Letting go

How do we learn to give our children up to the care of the Great Spirit? When they’re born, we know we have to let them go eventually, but we might not realize we have to start doing it sooner than we expected. The first day of preschool, a babysitter/daycare situation, and later, sleepovers that result in a midnight call to pick them up.

How do we relinquish our hopes and expectations for them? What I wanted when I was in high school was a school like the one portrayed in the TV show “Fame”.  When we started discussing where my 14 year old would go for high school, I wanted him to go to the local arts and leadership school.  Much to my dismay, he wanted to do sports, which that school didn’t offer, so my dreams of living vicariously through him were dashed, and I had to let go, again.

As time goes on they grow further and further from the Island of Mom.  Pushing off from the shoreline for a trip to a neighboring island and graduating to day trips, then out for days at a time. My teenager just got back from a five-day river trip.  I had gotten used to texting him during the day, and just the loss of that small bit of connection made me weep, I’m not sorry to say, more than once. Even the days that he spends with his Dad, every other weekend, are opportunities for me to let go. ( I wrote more about that here)

My children rise, I imagine, of their own accord, up toward their own fate, their own path – the one we can’t walk with them. We aren’t privy to where that path will take them.  We can provide access to tools and strategies, as far as our own capacities will allow, but the path itself, is a matter between them and their God.

How do we let them go with grace? Most of us were never taught these skills, although there have been other generations that valued that connection with their children and ultimate letting go enough to learn to do it well.

Where is the best place to learn this letting go, now in this day and age? Who do we even talk to about it?  I know I’ve shed more than one tear over drinks with other moms, but that is commiserating, not learning so much. I don’t know the “best” place to learn these skills, but many people turn to their religion/belief systems, counseling, parenting books, etc. I have engaged with a number of those way, and find that I look to the universal, cosmic even, ways of letting go.  Breathing, noticing how the light moves or doesn’t move in my sons’ eyes, and listening – ever listening.

First, we have to let go of how we were let go.  How we moved into the world, transitioning from youth to adult became our programming. I for one, have had to do a hell of a lot of unlearning to make room for these questions.  And, I’m still unlearning, returning to a Beginners Mind, over and over again. Being reminded of returning to Beginner’s Mind is one of the gifts of Householding.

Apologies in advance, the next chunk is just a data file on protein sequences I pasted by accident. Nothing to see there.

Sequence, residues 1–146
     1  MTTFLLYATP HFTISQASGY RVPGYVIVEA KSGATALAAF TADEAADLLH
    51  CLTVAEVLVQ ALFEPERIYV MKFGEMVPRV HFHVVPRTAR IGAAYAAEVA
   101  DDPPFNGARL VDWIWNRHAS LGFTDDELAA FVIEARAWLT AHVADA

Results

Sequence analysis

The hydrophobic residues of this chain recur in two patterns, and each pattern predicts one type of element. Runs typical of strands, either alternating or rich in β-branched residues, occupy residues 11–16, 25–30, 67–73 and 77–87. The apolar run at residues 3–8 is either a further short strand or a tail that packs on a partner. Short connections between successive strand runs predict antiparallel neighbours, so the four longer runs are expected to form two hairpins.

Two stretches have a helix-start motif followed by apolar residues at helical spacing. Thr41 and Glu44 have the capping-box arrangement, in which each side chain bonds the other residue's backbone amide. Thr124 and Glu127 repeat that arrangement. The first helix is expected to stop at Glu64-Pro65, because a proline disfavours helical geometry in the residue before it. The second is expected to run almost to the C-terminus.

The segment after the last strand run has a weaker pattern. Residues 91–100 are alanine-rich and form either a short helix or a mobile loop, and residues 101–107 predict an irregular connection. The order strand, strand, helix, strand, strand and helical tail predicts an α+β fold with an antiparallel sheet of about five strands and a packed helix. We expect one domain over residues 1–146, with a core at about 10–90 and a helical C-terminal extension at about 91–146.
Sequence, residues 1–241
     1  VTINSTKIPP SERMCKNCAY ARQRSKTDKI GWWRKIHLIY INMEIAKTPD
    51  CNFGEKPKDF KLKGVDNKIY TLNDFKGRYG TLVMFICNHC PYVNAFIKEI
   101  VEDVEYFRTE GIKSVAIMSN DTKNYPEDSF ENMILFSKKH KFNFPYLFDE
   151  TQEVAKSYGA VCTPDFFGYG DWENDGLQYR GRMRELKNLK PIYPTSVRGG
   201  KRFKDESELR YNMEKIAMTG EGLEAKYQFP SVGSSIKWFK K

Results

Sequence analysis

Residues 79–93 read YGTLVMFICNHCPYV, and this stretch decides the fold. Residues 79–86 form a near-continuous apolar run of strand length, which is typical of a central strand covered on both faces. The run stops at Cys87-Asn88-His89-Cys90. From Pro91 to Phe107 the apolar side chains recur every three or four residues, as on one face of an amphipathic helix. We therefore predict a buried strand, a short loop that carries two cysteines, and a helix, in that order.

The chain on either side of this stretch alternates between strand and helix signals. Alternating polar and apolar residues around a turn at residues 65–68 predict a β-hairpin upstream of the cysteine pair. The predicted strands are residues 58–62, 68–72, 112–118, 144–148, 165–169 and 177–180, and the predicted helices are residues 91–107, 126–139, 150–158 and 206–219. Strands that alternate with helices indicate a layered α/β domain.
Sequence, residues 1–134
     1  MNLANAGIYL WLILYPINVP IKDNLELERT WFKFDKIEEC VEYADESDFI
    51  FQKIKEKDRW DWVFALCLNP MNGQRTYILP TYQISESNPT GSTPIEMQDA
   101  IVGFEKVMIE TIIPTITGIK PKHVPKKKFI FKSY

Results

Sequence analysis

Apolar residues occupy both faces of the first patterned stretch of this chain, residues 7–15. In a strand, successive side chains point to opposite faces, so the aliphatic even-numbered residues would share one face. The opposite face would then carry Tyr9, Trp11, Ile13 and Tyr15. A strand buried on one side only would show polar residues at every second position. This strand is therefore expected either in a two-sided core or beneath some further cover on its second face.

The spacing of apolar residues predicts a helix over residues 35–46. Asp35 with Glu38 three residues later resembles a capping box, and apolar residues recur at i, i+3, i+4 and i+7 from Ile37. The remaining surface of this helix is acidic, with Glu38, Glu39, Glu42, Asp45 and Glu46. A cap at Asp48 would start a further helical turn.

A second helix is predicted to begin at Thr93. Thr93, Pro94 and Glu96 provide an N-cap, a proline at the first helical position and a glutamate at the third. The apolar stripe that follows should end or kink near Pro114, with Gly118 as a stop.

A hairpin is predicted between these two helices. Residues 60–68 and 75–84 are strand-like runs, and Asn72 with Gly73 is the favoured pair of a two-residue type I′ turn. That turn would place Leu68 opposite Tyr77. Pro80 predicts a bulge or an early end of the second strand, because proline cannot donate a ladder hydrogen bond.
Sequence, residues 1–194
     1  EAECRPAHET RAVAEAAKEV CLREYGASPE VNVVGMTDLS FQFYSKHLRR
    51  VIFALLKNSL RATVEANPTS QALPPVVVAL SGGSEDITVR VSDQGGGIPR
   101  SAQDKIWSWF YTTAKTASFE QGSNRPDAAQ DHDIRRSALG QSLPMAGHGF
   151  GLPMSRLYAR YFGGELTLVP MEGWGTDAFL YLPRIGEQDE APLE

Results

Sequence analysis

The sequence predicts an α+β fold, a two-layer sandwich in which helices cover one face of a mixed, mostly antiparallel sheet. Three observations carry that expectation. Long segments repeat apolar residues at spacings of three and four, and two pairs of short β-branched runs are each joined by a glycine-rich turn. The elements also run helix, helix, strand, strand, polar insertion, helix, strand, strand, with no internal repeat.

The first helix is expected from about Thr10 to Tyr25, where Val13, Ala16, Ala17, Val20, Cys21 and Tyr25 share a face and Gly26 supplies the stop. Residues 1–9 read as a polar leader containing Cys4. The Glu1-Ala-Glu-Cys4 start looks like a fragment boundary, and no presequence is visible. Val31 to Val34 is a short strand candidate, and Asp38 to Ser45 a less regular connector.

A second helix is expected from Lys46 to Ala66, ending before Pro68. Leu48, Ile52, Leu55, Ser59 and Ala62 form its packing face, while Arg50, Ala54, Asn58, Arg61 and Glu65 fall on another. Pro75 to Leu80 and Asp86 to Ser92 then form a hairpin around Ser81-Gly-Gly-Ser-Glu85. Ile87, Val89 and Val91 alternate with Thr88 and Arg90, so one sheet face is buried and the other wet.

How do we give our children up to the care of the Great Spirit?  We listen.  Our children are the experts of their own lives, and it is our job to listen to what they say, not only with words, but with their bodies, with their silences.

What I have heard, like a rainstorm I thought would be a virga, but it indeed reached the parched ground of my listening ears, is my sons telling me, sometimes cryptically, sometimes point blank, how to let them go. This teacher becomes the student, over and over again.

 

Painting by A.N. Schuller, 1994

Beginner’s Mind, A.N. Schuller, 1994

 


Rise up or Die: Some questions

We stand helpless before the corporate onslaught. There is no way to vote against corporate power. Citizens have no way to bring about the prosecution of Wall Street bankers and financiers for fraud, military and intelligence officials for torture and war crimes, or security and surveillance officers for human rights abuses.

VIA: Chris Hedges: Rise up or Die – Truthdig.com

Having read Chris Hedges book “Days of Destruction, Days of Revolt”, where he and Joe Sacco go to some of the most impoverished parts of the US and report back that yes, what is happening in this country is the same destruction and sickness that we attribute to third world countries, I was happy to see that he is still speaking up and out about our current state of affairs.

What will be the issue(s) that cause you to rise up or die?

Will you wait until your home mortgage is upside down and you have nowhere to go? Or, will you wait to confirm that the cancer you have is definitely caused by GMOs or pesticides, or your shampoo?  Will you wait until, like in Greece, the government that is no longer FOR the people nor BY the people, plan to literally take your money from your accounts?